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The Generative Domain
Pathos, Order, and Intelligence in the 21st Century
by Orrin S. Schwab

The Generative Domain is an interdisciplinary synthesis of theory to describe the nature of modern history. I posit three elements that describe all of history. Pathos is a destructive force that is tied to human emotions. The opposite of pathos is order, which we find in both the natural world as well as in human communities. Finally, intelligence is yet another element which we can find in all life forms but has evolved in humans as a dominant force. There are both individual and collective forms of intelligence.

Along with these three elements of human behavior, we also have several more constructs which I first introduced in Redeemer Nation. Scripts are multileveled agents that control human experience. Life scripts are particular to individuals. Metascripts are all narratives that exist within societies and cultures as collective phenomena. Individuals internalize not only a life script but an entire network of higher order collective scripts that shape their actions and experiences. Metascripts begin with familial and group scripts and continue in depth and complexity to those operating within communities, institutions and ultimately the highest levels of political and social organization. Nation-states and ultimately the international system as a whole are governed by interactive metascripts.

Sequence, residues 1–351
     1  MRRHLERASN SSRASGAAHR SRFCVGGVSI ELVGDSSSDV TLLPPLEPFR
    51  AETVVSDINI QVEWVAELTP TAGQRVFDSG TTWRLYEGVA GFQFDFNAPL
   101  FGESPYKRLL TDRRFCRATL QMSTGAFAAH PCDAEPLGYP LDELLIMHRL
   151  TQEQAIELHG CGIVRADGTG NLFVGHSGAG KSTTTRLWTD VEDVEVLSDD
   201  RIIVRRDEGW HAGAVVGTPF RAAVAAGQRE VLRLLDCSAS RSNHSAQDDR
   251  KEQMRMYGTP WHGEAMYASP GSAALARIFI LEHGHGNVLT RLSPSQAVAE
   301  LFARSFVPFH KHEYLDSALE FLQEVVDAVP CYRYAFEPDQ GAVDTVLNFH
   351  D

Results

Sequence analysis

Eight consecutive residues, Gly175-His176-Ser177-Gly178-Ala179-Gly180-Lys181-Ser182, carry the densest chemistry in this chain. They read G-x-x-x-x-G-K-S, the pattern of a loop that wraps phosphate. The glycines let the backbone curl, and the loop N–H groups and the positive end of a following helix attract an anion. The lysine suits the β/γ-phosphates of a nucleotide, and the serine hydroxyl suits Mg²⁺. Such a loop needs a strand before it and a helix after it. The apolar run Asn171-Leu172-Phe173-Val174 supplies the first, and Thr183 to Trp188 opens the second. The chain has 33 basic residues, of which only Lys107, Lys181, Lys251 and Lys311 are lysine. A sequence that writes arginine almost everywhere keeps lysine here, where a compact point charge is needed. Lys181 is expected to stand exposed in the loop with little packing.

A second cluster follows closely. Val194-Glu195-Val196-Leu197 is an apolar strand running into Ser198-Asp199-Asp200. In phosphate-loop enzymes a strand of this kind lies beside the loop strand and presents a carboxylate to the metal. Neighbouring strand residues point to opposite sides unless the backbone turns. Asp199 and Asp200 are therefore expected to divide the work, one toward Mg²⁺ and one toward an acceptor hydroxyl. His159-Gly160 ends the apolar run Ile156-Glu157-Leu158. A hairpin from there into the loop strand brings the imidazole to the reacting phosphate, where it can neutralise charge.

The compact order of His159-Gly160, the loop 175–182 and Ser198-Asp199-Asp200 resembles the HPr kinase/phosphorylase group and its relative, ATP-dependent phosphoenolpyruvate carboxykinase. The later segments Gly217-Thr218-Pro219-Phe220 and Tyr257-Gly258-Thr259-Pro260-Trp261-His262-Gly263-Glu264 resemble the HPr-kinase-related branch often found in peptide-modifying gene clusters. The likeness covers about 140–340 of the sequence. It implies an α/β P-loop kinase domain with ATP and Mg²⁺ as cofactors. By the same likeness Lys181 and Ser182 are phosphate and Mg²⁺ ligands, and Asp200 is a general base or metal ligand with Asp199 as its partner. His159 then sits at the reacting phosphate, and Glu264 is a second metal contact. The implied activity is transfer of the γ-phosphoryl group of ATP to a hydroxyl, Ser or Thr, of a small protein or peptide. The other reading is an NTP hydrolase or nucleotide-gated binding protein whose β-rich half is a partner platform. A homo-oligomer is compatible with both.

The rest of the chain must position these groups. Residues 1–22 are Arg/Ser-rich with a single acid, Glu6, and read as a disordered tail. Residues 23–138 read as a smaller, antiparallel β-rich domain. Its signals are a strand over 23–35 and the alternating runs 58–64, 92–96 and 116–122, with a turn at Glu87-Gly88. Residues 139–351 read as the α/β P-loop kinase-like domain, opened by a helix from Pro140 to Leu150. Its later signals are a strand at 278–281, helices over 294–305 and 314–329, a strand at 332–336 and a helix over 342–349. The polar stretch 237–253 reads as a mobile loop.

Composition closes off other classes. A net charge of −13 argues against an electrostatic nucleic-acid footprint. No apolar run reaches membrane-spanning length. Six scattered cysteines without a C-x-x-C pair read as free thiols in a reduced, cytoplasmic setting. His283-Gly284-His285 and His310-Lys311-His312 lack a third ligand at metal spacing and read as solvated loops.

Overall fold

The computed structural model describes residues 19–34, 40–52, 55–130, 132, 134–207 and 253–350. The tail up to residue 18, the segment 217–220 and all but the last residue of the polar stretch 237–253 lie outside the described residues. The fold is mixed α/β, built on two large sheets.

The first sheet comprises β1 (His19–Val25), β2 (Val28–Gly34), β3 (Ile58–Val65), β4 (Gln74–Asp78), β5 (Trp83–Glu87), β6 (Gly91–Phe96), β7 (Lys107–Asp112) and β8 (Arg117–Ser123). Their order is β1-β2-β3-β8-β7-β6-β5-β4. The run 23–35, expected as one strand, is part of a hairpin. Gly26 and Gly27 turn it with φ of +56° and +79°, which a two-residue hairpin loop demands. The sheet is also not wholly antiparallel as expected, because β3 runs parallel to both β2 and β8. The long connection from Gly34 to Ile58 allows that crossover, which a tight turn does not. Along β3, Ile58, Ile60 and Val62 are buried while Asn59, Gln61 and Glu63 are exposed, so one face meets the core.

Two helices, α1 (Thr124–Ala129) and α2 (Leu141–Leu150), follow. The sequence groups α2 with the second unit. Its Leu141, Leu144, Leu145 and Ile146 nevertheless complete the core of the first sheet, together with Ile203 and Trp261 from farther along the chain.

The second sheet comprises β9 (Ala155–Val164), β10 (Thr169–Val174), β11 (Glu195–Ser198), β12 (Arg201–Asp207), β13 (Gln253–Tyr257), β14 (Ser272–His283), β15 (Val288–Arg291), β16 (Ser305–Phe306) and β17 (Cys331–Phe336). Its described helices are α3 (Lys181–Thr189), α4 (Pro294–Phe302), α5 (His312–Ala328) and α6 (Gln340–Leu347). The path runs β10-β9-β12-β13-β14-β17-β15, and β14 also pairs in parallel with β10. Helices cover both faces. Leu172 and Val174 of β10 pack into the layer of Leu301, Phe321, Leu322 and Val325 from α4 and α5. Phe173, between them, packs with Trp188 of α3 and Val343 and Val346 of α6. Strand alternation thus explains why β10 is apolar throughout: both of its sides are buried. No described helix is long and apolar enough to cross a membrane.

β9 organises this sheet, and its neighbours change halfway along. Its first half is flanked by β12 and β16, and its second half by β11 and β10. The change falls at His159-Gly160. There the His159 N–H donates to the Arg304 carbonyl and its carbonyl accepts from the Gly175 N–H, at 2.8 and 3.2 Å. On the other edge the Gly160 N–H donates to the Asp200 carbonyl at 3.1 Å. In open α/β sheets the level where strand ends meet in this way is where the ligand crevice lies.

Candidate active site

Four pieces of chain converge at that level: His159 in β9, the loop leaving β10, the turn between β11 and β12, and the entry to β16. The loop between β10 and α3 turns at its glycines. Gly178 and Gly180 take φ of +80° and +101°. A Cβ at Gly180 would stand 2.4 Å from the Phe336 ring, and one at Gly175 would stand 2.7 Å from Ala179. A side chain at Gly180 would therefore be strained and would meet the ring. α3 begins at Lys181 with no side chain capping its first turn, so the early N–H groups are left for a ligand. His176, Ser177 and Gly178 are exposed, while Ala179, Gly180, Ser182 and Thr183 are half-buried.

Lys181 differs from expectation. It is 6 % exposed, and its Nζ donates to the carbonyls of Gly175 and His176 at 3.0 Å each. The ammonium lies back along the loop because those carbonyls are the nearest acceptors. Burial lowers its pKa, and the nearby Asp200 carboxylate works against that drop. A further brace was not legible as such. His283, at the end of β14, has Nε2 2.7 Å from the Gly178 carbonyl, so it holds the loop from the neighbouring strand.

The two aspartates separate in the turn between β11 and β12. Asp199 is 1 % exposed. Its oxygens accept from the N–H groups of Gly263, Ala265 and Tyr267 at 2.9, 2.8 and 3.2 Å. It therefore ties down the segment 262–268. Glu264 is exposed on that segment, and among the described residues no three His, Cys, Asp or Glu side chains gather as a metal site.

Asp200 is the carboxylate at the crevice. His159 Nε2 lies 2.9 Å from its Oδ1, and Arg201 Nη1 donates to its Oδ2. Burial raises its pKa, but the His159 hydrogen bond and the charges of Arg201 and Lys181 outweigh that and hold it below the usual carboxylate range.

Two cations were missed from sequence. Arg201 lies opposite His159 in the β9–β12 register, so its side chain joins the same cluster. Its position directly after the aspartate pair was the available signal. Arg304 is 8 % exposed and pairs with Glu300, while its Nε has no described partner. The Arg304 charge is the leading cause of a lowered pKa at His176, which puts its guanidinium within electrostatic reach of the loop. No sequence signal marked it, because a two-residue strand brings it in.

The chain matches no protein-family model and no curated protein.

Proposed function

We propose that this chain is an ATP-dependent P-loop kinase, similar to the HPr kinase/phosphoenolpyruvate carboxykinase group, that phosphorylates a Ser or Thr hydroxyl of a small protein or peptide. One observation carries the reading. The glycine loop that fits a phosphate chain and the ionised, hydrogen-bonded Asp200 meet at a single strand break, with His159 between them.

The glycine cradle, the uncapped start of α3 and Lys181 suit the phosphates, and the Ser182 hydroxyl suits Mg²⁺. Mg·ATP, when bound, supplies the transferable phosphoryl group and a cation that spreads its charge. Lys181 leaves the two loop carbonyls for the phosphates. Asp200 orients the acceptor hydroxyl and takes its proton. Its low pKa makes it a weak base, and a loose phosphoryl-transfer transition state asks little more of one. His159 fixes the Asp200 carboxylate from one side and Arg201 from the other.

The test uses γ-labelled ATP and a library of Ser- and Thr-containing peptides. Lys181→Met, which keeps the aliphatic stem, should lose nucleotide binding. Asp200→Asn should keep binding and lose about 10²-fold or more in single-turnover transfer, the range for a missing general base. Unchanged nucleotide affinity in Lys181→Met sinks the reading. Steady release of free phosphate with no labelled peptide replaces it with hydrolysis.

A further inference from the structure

The Generative Domain is my concept of the global metascript for contemporary world society. It is expressed in what the World Economic Forum has described as the “Fourth Industrial Revolution” and in what futurists have termed the “singularity” or the process of accelerated change or “accelerated futures.” The domain has both great potential for human development as well as significant dangers endemic to all human societies related to the pathologies or pathos that is hard wired into our species.

Available in Paperback and eBook formats.

About the Book
About the Author


Orrin S. Schwab is an independent scholar who has written extensively about modern international history since the 1990s. He has a doctorate in history from the University of Chicago where he studied under Bruce Cumings and Akira Iriye.

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